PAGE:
The Laughing Masters

3A product of the hills and hollows of West Virginia, Landon Saunders was born with more potential than most. He had the mind of a curious scholar, the hard-working but humble perseverance of his farming forebears, and an unrelenting concern for others. He could have been a world-class physician, a university professor, or a trail-blazing humanitarian changing the world. He chose the ministry, or rather the ministry seemed to choose him.
Over the last half-century Landon has worked in local congregations, traveled the planet conducting Jesus-centered workshops, produced hundreds of audio and video devotionals, and has had a profound impact on thousands of people. As Max Lucado says, “I’ve never heard anybody tell the story of Jesus like Landon can.”
Neither have I, and never have I heard him speak – either to a large crowd or intimately one on one – without marvelous joy. His is not a ginned-up, evangelist-styled, late night infomercial euphoria, made mostly of saccharine and something to sell. No, it is soulful, sustaining wonder; gobsmacking awe, that he is alive and that others are too.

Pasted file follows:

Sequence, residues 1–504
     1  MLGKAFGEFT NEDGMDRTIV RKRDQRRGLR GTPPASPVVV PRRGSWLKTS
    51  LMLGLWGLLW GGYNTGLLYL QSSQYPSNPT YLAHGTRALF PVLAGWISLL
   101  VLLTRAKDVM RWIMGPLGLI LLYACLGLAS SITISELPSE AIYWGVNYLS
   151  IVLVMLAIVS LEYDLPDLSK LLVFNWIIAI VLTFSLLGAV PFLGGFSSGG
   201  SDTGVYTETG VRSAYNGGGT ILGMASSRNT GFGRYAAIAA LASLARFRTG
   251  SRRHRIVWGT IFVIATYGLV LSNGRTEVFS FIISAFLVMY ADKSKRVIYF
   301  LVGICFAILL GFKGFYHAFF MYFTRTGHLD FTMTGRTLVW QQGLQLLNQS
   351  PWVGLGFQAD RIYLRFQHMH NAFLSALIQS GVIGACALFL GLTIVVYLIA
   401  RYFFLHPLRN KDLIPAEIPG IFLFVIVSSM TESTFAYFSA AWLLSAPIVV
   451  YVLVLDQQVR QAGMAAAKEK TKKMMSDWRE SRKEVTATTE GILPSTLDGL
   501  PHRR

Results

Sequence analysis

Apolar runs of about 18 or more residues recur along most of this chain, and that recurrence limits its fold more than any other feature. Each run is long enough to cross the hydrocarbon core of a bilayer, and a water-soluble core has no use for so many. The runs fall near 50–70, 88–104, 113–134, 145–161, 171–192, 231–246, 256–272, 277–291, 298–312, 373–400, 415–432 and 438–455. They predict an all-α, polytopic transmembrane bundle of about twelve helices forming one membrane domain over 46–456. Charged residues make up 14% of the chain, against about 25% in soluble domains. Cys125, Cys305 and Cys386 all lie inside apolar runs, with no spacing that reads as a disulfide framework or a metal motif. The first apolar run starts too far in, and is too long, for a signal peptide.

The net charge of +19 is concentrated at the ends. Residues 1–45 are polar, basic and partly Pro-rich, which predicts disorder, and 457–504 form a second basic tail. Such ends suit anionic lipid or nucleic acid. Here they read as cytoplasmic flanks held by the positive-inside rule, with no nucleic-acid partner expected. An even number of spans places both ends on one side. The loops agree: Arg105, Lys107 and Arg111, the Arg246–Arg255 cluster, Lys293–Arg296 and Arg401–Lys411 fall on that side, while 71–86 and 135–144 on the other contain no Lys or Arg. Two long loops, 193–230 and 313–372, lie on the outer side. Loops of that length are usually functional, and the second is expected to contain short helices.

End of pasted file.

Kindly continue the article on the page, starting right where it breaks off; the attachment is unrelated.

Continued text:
As Landon says, “Joy is central to my understanding of what it means to be human. Certainly, we live in a world where we experience suffering, failure, loss, injustice, even evil. During such times, when the going is tough, when we’re vulnerable to the weakest and worst side of our nature, we need a deep commitment to something that keeps us in touch with the good, the better, the best that is in us – a deep, stubborn, robust commitment to joy.”
After saying something like this Landon often tells a story entitled, “The Laughing Masters.” As he shares it, there were three spiritual masters whose teaching method was joy. They would go to town, stand in the market place, tell jokes, show kindness, and laugh. That was it! When one of the masters died, the villagers gathered together for his funeral, wondering what the remaining two masters would do.
The surviving masters did as they were told, as their deceased friend had given them strict instructions. He was to be placed on the funeral pyre exactly as he had died, without preparations and without the changing of his clothes.
When the pyre was lit the dead master had saved a final teaching for the townspeople: He had stuffed his clothing full of bottle rockets, sparklers, and Roman candles. The resulting fireworks show was one for the ages, and the people returned home, not despondent over a funeral, but with faces painted with smiles.
These are good words for this Easter weekend. We need all the smiles we can get even while this most celebrated Sunday on the calendar is altered in unprecedented fashion. Though churches can’t gather in traditional ways, still the resurrection of Jesus is the sign, symbol, and sustaining force of our faith – the source of our joy. “For even in death there remains joy,” Landon says, “because death is not the end.”